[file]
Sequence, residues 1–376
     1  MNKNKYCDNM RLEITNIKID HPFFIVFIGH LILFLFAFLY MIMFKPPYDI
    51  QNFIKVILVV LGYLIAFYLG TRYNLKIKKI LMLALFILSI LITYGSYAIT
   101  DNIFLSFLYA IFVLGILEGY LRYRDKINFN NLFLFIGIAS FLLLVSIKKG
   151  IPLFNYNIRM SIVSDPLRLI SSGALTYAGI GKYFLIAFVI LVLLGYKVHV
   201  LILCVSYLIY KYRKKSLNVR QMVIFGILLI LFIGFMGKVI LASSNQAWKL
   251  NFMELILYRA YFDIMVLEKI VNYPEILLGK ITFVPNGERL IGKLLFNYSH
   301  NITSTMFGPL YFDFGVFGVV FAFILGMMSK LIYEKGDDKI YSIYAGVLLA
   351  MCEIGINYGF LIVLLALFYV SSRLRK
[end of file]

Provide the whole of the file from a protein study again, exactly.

Sequence, residues 1–376
     1  MNKNKYCDNM RLEITNIKID HPFFIVFIGH LILFLFAFLY MIMFKPPYDI
    51  QNFIKVILVV LGYLIAFYLG TRYNLKIKKI LMLALFILSI LITYGSYAIT
   101  DNIFLSFLYA IFVLGILEGY LRYRDKINFN NLFLFIGIAS FLLLVSIKKG
   151  IPLFNYNIRM SIVSDPLRLI SSGALTYAGI GKYFLIAFVI LVLLGYKVHV
   201  LILCVSYLIY KYRKKSLNVR QMVIFGILLI LFIGFMGKVI LASSNQAWKL
   251  NFMELILYRA YFDIMVLEKI VNYPEILLGK ITFVPNGERL IGKLLFNYSH
   301  NITSTMFGPL YFDFGVFGVV FAFILGMMSK LIYEKGDDKI YSIYAGVLLA
   351  MCEIGINYGF LIVLLALFYV SSRLRK